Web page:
Posted by: seanmalstrom | February 26, 2016

Japanese brought ‘concentrated coolness’ to gaming

I read this thread off a gaming message forum, and I could only laugh. I am reminded of Asimov’s ‘Foundation’ series where Humanity keeps expanding in the stars so much that they lose the location of Earth. Younger gamers, even if they are old now, do not realize the origin of things. People are shocked when I say there is a link between, say, Ultima and Dragon Quest/Zelda/Final Fantasy. They are shocked when I say that the creator of Master of Orion is a main guy who crafted Metroid Prime (have I talked about that? Oh, I haven’t. Perhaps I should).

Gamers are losing their history. And when gamers lose their history, they cannot see the future business waves since they do not see the waves of the past. The post in that thread, despite being absurd essay over a VIDEO GAME (doesn’t he have something better to do like go outside?), misses out completely on the cool compression Japan gave to gaming.

Japanese gaming has always been around. The big arcade hits were split between the West and Japan. Space Invaders, Donkey Kong, and Pac-Man came from Japan. However, the hardware was very limited so the differences between the West and Japan wouldn’t be so pronounced until later on.

After the Atari Crash, the West was dominated by Western styled games. There wasn’t as much as a PC market in Japan so Japanese developers didn’t make PC games. While we had the Atari crash in 1983, Japan had the Famicom.

When the NES came over in 1985 (1988 was really when NES fever was in high pitch), Japanese gaming blew everyone away. Games on Atari or Colecovision weren’t that great. The Commodore 64 games could be interesting, but they got blown away by the NES.

The Japanese invented ‘Concentrated Coolness’ in gaming. This is why the NES games had such heavy impact and were so damn cool. The ‘Concentrated Coolness’ warped every game genre and changed how we experienced gaming.

Consider the shmup. You have Asteroids. It looked like this. Behold:

Like Space War, Asteroids is an arena based game.

Uridium Screenshot.png

The above is Uridium, published in 1986 for the Commodore 64. There was scrolling, but you scrolled left and right to blow stuff up.

The above is Raid on Bungling Bay published in 1984. There is scrolling. This game was made by Will Wright of Sim City and Sims fame. However, the game revolves around the arena… of the map.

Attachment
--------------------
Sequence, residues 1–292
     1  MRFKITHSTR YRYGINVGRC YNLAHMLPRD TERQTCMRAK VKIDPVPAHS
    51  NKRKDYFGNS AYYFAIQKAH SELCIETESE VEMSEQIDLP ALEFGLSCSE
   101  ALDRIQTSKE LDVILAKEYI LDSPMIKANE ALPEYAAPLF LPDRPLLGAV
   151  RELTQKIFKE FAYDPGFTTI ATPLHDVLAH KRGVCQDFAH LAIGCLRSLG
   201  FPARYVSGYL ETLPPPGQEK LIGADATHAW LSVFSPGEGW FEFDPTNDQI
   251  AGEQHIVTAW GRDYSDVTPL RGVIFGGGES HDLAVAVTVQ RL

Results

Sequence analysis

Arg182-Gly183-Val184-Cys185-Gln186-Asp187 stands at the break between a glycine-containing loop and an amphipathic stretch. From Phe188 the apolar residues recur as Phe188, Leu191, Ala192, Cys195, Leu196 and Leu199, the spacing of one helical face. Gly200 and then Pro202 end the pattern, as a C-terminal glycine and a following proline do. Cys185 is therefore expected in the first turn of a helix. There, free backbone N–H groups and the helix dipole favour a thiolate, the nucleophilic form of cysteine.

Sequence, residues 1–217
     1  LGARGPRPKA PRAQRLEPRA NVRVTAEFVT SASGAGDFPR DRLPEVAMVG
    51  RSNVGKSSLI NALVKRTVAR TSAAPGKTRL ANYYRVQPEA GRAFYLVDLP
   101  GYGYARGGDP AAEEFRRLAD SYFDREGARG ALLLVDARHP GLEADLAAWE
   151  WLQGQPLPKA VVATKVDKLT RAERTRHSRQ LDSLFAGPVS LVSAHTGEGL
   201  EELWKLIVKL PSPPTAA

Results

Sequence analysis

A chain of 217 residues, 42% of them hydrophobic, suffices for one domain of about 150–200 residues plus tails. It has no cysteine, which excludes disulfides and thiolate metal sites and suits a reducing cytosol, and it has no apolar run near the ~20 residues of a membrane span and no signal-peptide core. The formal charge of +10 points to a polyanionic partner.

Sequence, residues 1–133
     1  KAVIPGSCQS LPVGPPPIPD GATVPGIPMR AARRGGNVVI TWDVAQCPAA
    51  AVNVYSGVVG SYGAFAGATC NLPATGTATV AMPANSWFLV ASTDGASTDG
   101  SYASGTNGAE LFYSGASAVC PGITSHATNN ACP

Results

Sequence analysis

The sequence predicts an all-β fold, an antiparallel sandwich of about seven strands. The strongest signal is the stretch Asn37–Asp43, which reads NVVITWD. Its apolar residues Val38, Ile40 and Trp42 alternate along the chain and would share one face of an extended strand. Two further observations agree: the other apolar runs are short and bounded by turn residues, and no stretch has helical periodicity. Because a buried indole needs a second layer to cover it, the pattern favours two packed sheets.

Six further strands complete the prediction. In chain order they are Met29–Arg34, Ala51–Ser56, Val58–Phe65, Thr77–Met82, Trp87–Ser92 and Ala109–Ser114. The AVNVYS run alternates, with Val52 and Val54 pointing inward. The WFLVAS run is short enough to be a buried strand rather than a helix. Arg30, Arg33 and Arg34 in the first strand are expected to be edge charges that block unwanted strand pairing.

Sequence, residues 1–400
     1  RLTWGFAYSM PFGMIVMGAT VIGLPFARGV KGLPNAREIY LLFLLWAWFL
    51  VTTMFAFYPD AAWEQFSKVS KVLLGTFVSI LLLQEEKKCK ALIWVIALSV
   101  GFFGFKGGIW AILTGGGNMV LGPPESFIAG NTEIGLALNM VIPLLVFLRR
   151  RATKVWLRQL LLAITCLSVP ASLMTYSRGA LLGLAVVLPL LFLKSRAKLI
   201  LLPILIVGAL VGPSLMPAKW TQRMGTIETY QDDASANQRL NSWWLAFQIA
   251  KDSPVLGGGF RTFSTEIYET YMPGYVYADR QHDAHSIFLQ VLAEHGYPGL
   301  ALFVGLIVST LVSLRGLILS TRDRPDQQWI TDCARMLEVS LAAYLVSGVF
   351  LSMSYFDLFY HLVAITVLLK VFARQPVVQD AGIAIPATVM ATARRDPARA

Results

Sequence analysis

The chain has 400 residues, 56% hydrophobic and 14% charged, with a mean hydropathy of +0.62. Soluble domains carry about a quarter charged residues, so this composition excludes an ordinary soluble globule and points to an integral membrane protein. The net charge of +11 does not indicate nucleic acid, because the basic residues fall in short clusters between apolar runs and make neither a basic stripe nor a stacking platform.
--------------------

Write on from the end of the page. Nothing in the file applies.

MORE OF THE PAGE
There is no ‘concentrated coolness’ going on in the above games.

The above is Gradius. Oh, those Moa heads! Yes, there is a *map* that the ship flies through, but the difference between this game and the above is night and day. It is due to ‘concentrated coolness’. The Japanese, perhaps most of East Asia, are craftsmen and love beautiful drawings. A game like Gradius looked beautiful and sounded beautiful. The music was beautiful. The cost was less freedom. But with less freedom, the developers could ‘concentrate the coolness’ and create something really impacting.

The above is R-Type. Again, there is so much concentrated coolness going on in this game. There is a reason why shmups were big sellers then.

But, dear reader, let us address the RPG.

This is an RPG.

It is Ultima III. It helped define your RPG traits such as the high fantasy, the party system, and so on that Final Fantasy, Dragon Quest, and Zelda are indebted. Wizardry too is another example.

If you play an old Ultima game, you will be horrified at how uncool it is. The graphics suck. The music is nonexistant. The sounds suck. Everything sucks… except for the vast, vast, open world gameplay.

The above is the overworld for Dragon Quest 1. The game is very simple to Western standards. To the Japanese, it was their very first RPG. And yet, the music of Dragon Quest is beautiful. The sounds are great. The monsters are graphically cartoonish and interesting. Concentrated coolness is here… at the cost of the massive open freedom of the Western RPG.

What is this!? Why, it is Final Fantasy 1’s overworld. Final Fantasy 1 is an extremely linear game. The Overworld is more like ‘chunks’ you play though a sequence. But Final Fantasy 1 looks great, sounds great, has great graphics, and has beautiful music. It has that Japanese craftsmanship. It has concentrated coolness.

Japan would keep going their way and created this lovely game:

Final Fantasy IV is a shining example of Japanese ‘concentrated coolness’. Beautiful graphics, sound, and music, at the cost of open world and open decisions. Is it worth it? I thought it was awesome then, and I think it is awesome now. I do not want every game to be the same. If Final Fantasy IV was open world as vast as Western games, it would not be able to pull off the concentrated coolness.